I once had a boss who thought that holiday forms were nothing less than a scivers’ charter.Rex, as I shall call him in homage to my favourite type of dinosaur, was generous in sharing this opinion with his underlings, as he liked to call us.
He was also kind in treating any completed form in the same way that he treated all paperwork apart from his own expenses claims. One would be hidden in a bulging in-tray, the other would be personally signed, sealed and hand-delivered to the accounts department before Rex could shout, ‘coffee with two, now, Chris.’
Rex would never miss an opportunity to invite would-be holidaymakers to ‘think of us slaving away.’
Or to greet returners with a cheery ‘where have you been? We thought you’d left.’
His occasional holidays were things entirely of necessity. Driven by unavoidable and unwelcome family commitments and empty of all enjoyment. For Rex. And probably his family. Though not for his team, back at a ranch that was suddenly more palatable.
Rex’s last words before departing on vacation would be something like: ‘I don’t need holidays, I’m far too resilient for that. That’s what you lot of island-hopping beach bums could do with, an injection of resilience.’
Rex clearly thought that being in the office, working long hours and failing to trouble his holiday allowance represented a show of resilience.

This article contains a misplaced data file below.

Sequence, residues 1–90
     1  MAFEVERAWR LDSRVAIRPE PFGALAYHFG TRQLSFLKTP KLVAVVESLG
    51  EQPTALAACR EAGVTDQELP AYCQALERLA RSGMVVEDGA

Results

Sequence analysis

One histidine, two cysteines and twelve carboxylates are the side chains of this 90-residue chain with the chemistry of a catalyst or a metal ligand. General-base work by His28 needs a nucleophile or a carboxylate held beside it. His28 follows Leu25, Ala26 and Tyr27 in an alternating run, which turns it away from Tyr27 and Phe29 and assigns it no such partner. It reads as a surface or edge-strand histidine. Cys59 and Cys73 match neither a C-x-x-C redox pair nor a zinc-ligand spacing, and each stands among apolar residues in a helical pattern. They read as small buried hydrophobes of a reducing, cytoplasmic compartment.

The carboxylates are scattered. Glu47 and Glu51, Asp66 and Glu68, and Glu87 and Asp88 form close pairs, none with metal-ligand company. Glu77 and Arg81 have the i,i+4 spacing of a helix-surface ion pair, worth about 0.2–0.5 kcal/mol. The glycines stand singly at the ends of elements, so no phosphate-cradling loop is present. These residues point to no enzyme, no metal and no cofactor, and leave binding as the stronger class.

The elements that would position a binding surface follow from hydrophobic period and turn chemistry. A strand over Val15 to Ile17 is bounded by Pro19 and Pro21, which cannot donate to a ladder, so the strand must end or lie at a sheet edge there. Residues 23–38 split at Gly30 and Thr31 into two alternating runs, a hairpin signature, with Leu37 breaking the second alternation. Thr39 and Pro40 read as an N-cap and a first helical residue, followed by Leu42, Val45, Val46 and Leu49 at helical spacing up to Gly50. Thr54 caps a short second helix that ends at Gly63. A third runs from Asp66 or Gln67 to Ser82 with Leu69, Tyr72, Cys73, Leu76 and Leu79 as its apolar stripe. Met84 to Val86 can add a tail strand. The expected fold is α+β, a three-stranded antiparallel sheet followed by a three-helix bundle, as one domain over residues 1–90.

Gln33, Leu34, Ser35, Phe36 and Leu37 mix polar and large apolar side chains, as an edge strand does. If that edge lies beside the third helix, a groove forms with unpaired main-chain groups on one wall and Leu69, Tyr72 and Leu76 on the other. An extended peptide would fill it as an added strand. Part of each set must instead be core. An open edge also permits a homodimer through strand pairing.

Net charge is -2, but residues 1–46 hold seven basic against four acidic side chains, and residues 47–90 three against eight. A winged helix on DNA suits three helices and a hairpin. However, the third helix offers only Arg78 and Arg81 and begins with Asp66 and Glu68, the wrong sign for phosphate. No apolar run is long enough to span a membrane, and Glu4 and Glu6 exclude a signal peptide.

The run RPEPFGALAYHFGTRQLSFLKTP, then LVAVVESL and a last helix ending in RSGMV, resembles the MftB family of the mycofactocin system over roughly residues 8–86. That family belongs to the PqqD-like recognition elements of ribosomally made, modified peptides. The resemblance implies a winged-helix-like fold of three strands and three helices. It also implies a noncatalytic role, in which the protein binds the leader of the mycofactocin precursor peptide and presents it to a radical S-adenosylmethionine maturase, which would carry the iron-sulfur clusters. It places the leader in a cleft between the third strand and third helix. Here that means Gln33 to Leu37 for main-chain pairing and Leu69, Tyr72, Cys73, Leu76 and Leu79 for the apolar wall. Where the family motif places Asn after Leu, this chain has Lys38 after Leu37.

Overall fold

While many of his 1980s management practices have fallen by the wayside, this view of resilience still seems to hold firm today.
Its continuing power represents a dilemma for coaches and mentors.
Any encouragement for the client to book time off might at best be fended off with an admonishment for promoting self-indulgence. Lets not stray in to work/life balance, lets focus on the to-do list.
At worst, the coach might be labelled soft. Not living in the real world. Failing to understand commercial pressures.
Against which arguments I offer the wisdom of Carole Pemberton’s Resilience.
Pemberton points to the origin of the word ‘resilience’ being in the physical sciences, where ‘it is seen as the ability of a material to return to its original state after it has been bent or stretched.’
In relation to human behaviour she defines resilience as being: ‘the capacity to remain flexible in our thoughts, feelings and behaviours when faced by…extended periods of pressure so that we emerge…stronger, wiser and more able.’
This definition is a long way from trying to show resilience by carrying on regardless. Simply getting through. In these situations one might be showing doggedness, fortitude or persistence. Not resilience.
I take from Pemberton that resilience has to be fed.
It has to be nourished by behaviours and actions that help us to return to our optimum state; one in which we’ve learned from our recent trials and added new knowledge to our previous body of wisdom.
So if booking a holiday and the prospect of a week or two on a sun-bed helps you to return to your optimum self, do it.
Likewise going to a gig, visiting a museum, walking the dog, staring out to sea or at a cinema screen.
All of which would have featured highly on Rex’s scivers’ charter.
But all of which might save you from inflicting on your colleagues your embattled lesser-self, determined to endure a war of attrition in which your unstinting efforts are defined by the law off diminishing returns.